Feeds

F1 chiefs ready post-prang battery safety scheme

Helping track marshals avoid zaps after shunts

Boost IT visibility and business value

'Leccy Tech The introduction of KERS - Kinetic Energy Recovery Systems - into Formula 1 has not been without mishap. There was a battery fire at Red Bull, and a BMW engineer received a nasty electric shock during a test at the Jerez circuit in Spain.

Now F1 safety supremo Charlie Whiting has announced that track marshals will be issued with gloves that will be “good for 1000 volts” and that cars will be fitted with warning lights so that anyone approaching a stricken F1 racer will be able to see if the KERS has shorted out.

Presumably the subtle odour of frying driver will be another give away.

KERS components will also be clearly colour coded so anyone finding them lying by the side of the track will know what they are about to pick up.

Williams F31

Williams' F31: real men use flywheels?

In an interview with F1.com, Whiting goes on to say that a KERS Safety Working Group has been set up, chaired by BMW.

“They‘ve met quite a few time,” he said, “and they’ve come up with a long list of suggestions, parts of which have already become regulations, and some of which will form the basis of a comprehensive document we’ll circulate to all circuits and tracks hosting a grand prix.”

No matter how comprehensive the document, the lingering fear of a massive electric shock is hardly likely to encourage marshals to race to the aid of drivers who have just had a major shunt. After all, just how sure would you be that a 150mph impact hasn't also put the kibosh on the KERS warning lamp?

Of course, none of this worries the lads at Williams F1 as they alone seem to have opted for a flywheel-based system. All they now have to worry about is a kinetic storage device rotating at an unimaginably high rotational velocity ripping loose and flying off into the wide blue yonder like a frisbee from hell.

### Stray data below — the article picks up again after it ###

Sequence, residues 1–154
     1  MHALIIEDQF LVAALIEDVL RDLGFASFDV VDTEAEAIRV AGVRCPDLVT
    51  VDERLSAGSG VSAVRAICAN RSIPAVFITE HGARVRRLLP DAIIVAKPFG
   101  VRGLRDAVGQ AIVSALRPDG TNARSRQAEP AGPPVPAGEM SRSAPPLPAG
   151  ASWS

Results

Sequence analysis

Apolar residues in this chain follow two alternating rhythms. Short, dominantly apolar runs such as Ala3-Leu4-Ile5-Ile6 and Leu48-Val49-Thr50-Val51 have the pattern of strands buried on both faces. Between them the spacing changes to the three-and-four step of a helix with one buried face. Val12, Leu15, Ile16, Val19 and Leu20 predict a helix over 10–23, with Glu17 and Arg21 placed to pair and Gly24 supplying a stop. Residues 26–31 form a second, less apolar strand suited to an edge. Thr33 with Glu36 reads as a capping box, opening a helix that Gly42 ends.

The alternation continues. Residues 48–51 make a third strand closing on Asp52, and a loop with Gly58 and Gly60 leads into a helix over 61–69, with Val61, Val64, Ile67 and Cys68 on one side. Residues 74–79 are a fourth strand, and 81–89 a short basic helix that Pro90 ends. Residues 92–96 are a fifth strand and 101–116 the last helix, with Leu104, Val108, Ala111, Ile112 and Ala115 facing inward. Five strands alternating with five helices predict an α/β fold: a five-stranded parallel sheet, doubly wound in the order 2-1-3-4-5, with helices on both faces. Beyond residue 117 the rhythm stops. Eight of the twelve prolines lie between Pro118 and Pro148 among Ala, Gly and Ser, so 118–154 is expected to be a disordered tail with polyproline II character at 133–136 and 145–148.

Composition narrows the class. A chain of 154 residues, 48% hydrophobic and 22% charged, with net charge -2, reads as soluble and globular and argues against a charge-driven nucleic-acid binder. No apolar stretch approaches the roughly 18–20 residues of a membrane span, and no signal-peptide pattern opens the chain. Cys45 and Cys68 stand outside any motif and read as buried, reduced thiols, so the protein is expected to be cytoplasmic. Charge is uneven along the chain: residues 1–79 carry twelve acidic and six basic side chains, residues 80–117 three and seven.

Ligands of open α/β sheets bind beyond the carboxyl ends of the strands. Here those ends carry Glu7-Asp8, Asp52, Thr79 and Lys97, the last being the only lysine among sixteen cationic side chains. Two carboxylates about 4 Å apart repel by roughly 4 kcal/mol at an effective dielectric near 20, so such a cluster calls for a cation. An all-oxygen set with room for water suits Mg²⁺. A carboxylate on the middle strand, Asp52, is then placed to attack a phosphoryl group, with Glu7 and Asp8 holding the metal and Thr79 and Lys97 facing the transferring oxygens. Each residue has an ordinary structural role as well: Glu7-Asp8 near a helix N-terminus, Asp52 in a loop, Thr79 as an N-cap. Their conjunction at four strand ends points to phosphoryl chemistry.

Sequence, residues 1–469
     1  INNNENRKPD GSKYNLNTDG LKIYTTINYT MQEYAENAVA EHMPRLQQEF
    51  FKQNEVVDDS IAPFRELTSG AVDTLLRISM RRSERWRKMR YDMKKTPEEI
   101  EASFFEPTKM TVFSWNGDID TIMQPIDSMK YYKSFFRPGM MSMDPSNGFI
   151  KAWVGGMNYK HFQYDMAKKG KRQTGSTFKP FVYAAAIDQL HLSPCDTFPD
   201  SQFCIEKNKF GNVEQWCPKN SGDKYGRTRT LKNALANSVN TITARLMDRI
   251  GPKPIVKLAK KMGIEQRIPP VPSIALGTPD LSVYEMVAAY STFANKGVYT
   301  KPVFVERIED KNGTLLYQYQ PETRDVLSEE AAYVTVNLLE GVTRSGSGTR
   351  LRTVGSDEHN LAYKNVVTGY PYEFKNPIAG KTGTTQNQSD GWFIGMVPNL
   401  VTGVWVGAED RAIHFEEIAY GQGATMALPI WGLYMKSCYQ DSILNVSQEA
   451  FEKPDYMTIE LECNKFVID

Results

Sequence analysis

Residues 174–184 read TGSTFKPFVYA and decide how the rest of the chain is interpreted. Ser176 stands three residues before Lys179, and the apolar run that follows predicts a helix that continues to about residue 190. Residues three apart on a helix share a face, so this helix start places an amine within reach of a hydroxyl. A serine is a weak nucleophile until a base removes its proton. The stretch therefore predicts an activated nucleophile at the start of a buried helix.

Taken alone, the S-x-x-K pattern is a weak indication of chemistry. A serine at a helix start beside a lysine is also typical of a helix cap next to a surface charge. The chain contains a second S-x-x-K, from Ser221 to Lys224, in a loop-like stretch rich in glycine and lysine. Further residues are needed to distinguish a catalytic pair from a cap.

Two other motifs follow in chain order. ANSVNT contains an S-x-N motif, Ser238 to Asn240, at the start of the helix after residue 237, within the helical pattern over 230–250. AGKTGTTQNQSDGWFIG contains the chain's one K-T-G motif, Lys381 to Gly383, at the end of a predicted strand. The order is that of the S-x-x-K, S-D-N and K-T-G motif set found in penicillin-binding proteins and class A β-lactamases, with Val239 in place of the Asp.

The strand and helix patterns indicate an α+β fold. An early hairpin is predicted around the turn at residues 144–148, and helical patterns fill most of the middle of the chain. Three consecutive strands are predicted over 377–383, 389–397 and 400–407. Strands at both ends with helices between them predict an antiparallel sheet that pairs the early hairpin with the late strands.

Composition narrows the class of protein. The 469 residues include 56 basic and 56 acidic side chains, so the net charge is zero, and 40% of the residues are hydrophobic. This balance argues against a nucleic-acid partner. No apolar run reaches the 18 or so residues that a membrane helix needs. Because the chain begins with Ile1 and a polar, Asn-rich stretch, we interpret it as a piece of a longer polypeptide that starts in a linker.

Toyota has already said it has no plans to run a KERS device at the start of the season and will only introduce one later in the year if it sees clear performance advantages in doing so. ®

Gartner critical capabilities for enterprise endpoint backup

More from The Register

next story
LOHAN packs bags for SPACEPORT AMERICA!
Spanish launch goes titsup, we're off to the US of A
Gigantic toothless 'DRAGONS' dominated Earth's early skies
Gummy pterosaurs outlived toothy competitors
'Leccy racer whacks petrols in Oz race
ELMOFO rakes in two wins in sanctioned race
Boffins ID freakish spine-smothered prehistoric critter: The CLAW gave it away
Bizarre-looking creature actually related to velvet worms
CRR-CRRRK, beep, beep: Mars space truck backs out of slippery sand trap
Curiosity finds new drilling target after course correction
Astronomers scramble for obs on new comet
Amateur gets fifth confirmed discovery
Boffins build CYBORG-MOTHRA but not for evil: For search & rescue
This tiny bio-bot will chew through your clothes then save your life
Vulture 2 takes a battering in 100km/h test run
Still in one piece, but we're going to need MORE POWER
What does a flashmob of 1,024 robots look like? Just like this
Sorry, Harvard, did you say kilobots or KILLER BOTS?
prev story

Whitepapers

Implementing global e-invoicing with guaranteed legal certainty
Explaining the role local tax compliance plays in successful supply chain management and e-business and how leading global brands are addressing this.
7 Elements of Radically Simple OS Migration
Avoid the typical headaches of OS migration during your next project by learning about 7 elements of radically simple OS migration.
BYOD's dark side: Data protection
An endpoint data protection solution that adds value to the user and the organization so it can protect itself from data loss as well as leverage corporate data.
Consolidation: The Foundation for IT Business Transformation
In this whitepaper learn how effective consolidation of IT and business resources can enable multiple, meaningful business benefits.
High Performance for All
While HPC is not new, it has traditionally been seen as a specialist area – is it now geared up to meet more mainstream requirements?